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2 Scaling of pile dimension, soil strength and consolidation time

2 Scaling of pile dimension, soil strength and consolidation time

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𝑛𝑡 =

𝑛𝑢 𝑛𝐻 2



The viscosity of fluid depends on the type of fluid as well as temperature. Along with

the increase of temperature the viscosity of one fluid will typically decrease. Within

this laboratory test, water with constant temperature of 60℃ is under consideration to

model the water temperature, say 4℃, at fjord bottom. In fact, 𝜇60℃=0.47, 𝜇4℃ =1.54

according to the information provided by DDBST (2014) on their website. For the

chosen parameters in laboratory, the time scale can be calculated


1 2

𝑛𝑢 𝑛𝐻 2 1.54 × (10)

𝑛𝑡 =


= 1/33




In terms of cyclic loading, the time scale of 1/33 indicates a laboratory loading cycle

of 22.6 minutes corresponding to one prototype loading cycle of 12 hours and 25

minutes. The temperature of 60℃ is chosen from the consideration of decreasing

water viscosity and further reducing modelling time in the laboratory (decrease 𝐵𝑡 ),

but on the other hand it requires a lot of energy since the experiment will last several

months, which makes the experiment a bit uneconomical.


Clay specimens preparation and consolidation

The soil sample preparation and consolidation process mainly follows the steps

proposed by Gue (1984), Santa Maria (1988) and Martin (1994), while the apparatus

design originates from the idea of Gue (1984) but with a framework proposed by

Foglia (2012).


Consolidation equipment

Compared with that of Gue (1984), this apparatus consists of almost the same

functional parts (see details in Gue, 1984) including: a soil container, a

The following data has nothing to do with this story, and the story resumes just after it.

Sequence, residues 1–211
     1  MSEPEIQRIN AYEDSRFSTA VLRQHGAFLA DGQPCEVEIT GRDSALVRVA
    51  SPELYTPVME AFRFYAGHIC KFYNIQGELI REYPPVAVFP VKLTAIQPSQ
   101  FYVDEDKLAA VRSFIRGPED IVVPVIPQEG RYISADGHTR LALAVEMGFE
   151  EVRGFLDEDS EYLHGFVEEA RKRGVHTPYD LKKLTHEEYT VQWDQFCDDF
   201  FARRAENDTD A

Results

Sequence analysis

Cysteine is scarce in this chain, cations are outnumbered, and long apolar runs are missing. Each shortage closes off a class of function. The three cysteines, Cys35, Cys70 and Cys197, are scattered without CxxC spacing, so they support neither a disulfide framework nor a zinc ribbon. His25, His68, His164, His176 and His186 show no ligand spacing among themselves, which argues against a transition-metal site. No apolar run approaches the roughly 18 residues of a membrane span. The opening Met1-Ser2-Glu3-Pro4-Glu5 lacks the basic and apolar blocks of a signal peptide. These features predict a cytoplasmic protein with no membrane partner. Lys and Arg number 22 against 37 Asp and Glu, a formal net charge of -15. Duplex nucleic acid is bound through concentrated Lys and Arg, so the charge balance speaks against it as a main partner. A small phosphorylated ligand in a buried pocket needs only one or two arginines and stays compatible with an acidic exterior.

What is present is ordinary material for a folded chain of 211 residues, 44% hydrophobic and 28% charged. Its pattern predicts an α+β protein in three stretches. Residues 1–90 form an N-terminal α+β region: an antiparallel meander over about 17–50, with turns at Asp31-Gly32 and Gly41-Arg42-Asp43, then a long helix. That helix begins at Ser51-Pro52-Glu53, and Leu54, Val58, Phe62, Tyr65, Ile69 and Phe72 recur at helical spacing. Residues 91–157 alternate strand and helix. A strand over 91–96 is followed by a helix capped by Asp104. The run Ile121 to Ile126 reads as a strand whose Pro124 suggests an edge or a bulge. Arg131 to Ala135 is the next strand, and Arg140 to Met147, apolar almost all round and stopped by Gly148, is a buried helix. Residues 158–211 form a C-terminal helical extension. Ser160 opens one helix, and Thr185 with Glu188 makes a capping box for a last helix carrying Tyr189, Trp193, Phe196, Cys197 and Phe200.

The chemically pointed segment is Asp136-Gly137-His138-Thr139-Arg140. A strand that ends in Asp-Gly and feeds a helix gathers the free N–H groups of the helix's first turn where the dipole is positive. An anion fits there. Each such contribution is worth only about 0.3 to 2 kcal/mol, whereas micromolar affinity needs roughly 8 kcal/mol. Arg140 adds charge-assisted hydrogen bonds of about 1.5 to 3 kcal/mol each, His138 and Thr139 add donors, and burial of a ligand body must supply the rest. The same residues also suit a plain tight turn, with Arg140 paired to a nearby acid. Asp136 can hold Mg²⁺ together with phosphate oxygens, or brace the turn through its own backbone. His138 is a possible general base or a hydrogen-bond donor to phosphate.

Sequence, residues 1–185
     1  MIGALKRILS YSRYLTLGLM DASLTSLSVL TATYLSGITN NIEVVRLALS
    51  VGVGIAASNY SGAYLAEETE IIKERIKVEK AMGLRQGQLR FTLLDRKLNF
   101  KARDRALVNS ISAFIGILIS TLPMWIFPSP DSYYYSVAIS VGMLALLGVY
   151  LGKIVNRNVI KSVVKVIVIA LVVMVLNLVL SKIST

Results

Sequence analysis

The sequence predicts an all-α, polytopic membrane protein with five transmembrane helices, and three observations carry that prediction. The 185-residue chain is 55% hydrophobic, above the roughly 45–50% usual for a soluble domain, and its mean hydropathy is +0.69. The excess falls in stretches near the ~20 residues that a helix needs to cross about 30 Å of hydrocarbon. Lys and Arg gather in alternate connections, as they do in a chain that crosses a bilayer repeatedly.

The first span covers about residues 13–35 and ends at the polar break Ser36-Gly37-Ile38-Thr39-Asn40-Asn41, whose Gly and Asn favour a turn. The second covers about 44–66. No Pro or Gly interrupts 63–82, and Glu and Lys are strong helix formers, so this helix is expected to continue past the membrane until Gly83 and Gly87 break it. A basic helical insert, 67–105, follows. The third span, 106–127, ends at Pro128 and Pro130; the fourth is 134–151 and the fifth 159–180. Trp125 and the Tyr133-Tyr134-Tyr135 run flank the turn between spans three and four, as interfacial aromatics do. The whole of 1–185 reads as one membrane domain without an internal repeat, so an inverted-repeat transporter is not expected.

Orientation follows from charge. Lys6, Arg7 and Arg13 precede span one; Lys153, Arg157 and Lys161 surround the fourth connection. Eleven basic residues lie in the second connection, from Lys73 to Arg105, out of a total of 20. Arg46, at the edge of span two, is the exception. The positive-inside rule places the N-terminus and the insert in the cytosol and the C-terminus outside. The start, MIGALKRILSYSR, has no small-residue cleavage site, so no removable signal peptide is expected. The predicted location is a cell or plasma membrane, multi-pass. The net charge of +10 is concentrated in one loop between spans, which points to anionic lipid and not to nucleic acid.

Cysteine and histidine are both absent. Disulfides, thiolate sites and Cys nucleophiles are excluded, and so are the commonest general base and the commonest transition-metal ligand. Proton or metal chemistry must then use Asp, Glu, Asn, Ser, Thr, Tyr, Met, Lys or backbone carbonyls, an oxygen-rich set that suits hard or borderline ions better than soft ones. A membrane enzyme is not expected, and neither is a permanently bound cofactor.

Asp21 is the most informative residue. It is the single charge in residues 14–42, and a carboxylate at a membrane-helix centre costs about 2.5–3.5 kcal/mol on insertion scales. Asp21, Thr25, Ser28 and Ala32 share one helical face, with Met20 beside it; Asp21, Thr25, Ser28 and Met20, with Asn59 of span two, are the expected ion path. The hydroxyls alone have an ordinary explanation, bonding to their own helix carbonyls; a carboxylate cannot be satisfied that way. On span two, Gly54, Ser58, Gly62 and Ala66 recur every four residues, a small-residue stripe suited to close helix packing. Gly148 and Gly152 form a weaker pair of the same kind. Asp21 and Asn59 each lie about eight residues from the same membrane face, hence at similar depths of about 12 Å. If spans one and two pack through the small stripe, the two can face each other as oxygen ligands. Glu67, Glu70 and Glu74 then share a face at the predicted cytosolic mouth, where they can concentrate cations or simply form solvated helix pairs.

reaction/loading frame, two porous plastic filters at the bottom of the soil box and at

the surface of the slurry, drainage system at the top and bottom of the soil container

and a hydraulic ram applying consolidation loading, as can be seen in Figure 32. But

differently, the soil container in this project is simplified to a big well-welded

rectangular box made of painted steel, with outer dimension of 1.8 𝑚 × 1.3 𝑚 ×

1.1 𝑚 (length × width × height)and thickness of 0.1 𝑚. This kind of soil container

performs in a way as a base of the loading frame, so it should be well bolted to the

ground to keep the stability of the whole system.

A typical slurry consolidation tank is shown in Figure 32. Note that slurry

consolidation tanks are different from slurry preparation tanks. There exist three same

tanks for static loading, cyclic loading scenario 1 and cyclic loading scenario 2


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respectively. In such way, the static p-y curve equation can be verified through

parametric study based on data from static test, and the effect of cyclic loading can be

investigated by comparing static test and dynamic tests. Dynamic load combinations

can also be compared. The final samples in the three tanks are thought to have quite

similar properties such as strength profile and water content, meaning that sample

creation is repeatable which has been proved by Gue (1984) in lab. A better solution

is to build only one consolidation tank from the perspective of cost, but in that way

the three tests will have to be made sequentially in the same box and therefore the

modelling time would be much longer.

The holes on the loading platen and at the bottom of soil box control the two

directional drainage paths and the plastic discs installed both on the top and bottom

work as filters. Consolidation loading, except for the self-weight of slurry, is applied

to the soil through a hydraulic ram over a flat loading platen. Plastic hoses are

installed on the drainage holes at the soil box bottom, to conduct the drained water out

from the bottom to the water surface so that a constant hydraulic head is maintained

all the time.

For details of the functions of each part, see the description by Gue (1984), Santa

Maria (1988) and Martin (1994).

Figure 32 - Sketch of the consolidation apparatus